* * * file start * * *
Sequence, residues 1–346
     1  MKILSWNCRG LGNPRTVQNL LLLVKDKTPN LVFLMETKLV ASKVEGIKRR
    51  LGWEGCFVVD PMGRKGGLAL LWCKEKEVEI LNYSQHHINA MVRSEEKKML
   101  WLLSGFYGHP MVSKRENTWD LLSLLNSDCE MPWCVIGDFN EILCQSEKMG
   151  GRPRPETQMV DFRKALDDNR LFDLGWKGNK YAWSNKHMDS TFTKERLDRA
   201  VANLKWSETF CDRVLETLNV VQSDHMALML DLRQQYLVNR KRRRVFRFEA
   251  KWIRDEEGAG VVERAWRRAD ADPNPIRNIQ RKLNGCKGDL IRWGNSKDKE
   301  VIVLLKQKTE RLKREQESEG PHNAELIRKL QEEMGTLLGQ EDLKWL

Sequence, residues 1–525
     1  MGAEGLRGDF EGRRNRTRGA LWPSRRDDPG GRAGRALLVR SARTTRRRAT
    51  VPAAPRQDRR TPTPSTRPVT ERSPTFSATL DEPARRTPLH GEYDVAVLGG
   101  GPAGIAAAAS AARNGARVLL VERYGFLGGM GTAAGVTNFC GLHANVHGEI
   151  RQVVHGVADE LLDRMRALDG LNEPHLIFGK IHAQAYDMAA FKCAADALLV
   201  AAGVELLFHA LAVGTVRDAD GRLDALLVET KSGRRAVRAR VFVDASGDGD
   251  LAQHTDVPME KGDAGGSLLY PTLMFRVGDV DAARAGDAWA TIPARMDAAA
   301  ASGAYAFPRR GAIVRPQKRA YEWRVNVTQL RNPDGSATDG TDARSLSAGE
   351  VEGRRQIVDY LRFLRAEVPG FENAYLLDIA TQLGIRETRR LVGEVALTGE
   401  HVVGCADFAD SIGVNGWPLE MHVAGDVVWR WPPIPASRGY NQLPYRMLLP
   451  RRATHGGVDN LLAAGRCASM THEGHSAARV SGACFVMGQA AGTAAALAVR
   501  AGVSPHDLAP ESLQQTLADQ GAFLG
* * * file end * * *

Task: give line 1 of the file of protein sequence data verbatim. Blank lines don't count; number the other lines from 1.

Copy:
Sequence, residues 1–346